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A male nurse helps a patient get into the proper position for her MRI scan.

Hysterosalpingogram (HSG)

HSG stands for hysterosalpingogram, which is an imaging procedure used to assess a woman’s uterus and fallopian tubes. A radiologist will place a small catheter into the cervix and inject a contrast agent. Once the contrast fills the uterine cavity, the radiologist will take a series of X-Rays using fluoroscopy. An HSG is usually performed one week after menstruation but before ovulation to make sure you are not pregnant during the procedure.

An HSG is primarily performed on women who are having difficulty becoming pregnant. An HSG allows the radiologist to evaluate the shape and structure of the uterus, the openness of the fallopian tubes, and any scarring within the peritoneal cavity.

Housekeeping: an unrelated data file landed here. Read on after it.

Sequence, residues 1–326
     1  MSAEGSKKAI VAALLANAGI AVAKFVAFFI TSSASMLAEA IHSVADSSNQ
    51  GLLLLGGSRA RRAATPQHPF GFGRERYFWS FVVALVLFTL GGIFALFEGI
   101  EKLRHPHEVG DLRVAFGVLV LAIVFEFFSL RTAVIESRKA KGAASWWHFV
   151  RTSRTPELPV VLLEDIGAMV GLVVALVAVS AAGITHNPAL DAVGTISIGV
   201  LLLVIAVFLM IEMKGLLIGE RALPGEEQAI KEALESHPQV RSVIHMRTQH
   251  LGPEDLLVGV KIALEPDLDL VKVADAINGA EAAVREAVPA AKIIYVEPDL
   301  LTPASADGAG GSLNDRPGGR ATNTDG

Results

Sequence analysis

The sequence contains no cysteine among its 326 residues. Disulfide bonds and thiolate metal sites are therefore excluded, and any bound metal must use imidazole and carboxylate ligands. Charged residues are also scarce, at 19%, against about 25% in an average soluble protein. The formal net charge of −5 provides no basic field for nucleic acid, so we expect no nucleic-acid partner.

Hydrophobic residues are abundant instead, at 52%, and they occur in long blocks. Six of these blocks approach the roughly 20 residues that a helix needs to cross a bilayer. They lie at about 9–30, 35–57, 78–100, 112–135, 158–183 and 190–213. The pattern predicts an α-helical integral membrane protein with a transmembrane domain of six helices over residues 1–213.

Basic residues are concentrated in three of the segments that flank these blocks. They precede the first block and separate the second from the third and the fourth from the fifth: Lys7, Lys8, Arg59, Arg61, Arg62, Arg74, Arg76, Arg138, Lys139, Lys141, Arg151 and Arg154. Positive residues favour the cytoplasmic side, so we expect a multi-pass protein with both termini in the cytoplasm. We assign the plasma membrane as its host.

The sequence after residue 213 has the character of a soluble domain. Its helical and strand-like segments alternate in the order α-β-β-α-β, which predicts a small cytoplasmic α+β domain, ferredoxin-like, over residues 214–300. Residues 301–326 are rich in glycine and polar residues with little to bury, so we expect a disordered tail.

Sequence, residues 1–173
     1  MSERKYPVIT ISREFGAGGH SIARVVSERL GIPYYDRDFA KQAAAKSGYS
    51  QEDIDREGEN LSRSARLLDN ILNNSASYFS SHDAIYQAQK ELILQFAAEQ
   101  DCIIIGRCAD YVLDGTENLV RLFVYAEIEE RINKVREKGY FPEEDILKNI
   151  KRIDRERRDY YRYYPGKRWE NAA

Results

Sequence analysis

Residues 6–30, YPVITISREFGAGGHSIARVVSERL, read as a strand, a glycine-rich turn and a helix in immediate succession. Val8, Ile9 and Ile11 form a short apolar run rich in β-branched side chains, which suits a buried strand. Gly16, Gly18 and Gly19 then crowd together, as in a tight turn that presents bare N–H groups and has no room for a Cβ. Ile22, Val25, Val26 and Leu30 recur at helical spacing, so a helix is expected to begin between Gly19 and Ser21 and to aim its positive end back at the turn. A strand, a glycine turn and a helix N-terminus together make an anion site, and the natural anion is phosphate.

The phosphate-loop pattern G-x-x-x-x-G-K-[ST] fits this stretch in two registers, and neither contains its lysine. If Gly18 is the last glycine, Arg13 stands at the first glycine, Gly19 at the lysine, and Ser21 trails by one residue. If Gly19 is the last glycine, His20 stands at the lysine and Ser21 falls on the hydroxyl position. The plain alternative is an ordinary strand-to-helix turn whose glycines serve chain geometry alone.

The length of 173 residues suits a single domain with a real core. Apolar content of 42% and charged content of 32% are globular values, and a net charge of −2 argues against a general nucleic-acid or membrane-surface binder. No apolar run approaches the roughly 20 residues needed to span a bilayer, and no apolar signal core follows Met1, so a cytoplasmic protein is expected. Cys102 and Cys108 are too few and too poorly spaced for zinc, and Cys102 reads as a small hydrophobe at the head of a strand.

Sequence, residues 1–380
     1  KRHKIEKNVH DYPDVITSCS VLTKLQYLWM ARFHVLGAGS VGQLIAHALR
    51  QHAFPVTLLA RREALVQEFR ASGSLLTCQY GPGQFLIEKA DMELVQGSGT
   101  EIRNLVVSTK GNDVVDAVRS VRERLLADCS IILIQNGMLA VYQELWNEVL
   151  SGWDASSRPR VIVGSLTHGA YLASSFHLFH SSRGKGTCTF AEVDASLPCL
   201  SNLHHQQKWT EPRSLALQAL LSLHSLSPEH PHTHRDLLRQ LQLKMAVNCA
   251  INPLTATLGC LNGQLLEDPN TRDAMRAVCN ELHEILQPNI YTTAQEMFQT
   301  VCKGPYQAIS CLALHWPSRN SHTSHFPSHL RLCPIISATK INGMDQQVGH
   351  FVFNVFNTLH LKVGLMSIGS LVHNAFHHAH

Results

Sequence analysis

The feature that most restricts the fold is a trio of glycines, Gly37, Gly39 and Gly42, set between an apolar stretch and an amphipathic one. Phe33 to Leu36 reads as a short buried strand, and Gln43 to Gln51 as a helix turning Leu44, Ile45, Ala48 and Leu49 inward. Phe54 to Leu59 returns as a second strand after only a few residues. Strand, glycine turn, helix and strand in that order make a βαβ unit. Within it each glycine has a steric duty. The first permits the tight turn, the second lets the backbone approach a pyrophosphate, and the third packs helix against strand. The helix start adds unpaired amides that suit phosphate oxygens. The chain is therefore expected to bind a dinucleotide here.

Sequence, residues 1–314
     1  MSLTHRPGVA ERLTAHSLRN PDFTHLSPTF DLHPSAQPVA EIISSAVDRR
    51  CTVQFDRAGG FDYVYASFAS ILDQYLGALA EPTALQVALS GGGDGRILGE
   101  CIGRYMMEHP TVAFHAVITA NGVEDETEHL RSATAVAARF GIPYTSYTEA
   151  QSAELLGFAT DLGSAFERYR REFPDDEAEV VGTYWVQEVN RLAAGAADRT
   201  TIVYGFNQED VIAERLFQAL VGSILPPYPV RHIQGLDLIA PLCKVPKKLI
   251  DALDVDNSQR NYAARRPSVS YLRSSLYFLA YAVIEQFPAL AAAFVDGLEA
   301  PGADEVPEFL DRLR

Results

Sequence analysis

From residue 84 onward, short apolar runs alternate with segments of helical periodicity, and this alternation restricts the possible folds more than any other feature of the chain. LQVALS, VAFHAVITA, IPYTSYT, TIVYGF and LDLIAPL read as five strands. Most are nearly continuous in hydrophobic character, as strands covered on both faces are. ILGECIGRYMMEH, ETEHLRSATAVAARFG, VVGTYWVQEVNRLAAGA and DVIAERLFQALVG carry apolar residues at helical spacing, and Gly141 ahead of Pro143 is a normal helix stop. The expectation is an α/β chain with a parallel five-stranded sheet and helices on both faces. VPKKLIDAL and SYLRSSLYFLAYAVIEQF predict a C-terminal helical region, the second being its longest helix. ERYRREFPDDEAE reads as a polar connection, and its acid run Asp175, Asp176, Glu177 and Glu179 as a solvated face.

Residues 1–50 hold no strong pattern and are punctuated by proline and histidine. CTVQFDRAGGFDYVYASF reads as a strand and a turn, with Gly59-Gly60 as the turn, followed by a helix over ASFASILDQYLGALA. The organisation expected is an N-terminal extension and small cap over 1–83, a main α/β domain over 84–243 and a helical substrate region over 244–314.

Your physician will give you detailed instructions on how to prepare for your HSG. Please inform your physician of any medications you are taking as well as any allergies you may have. Also inform your physician regarding a recent illness or other medical conditions.

Women should inform the radiologist or technologist if there is a possibility they may be pregnant.

Radiation Dose: Special care is taken during X-Ray examinations to use of the lowest radiation dose possible while producing the best images for evaluation.             

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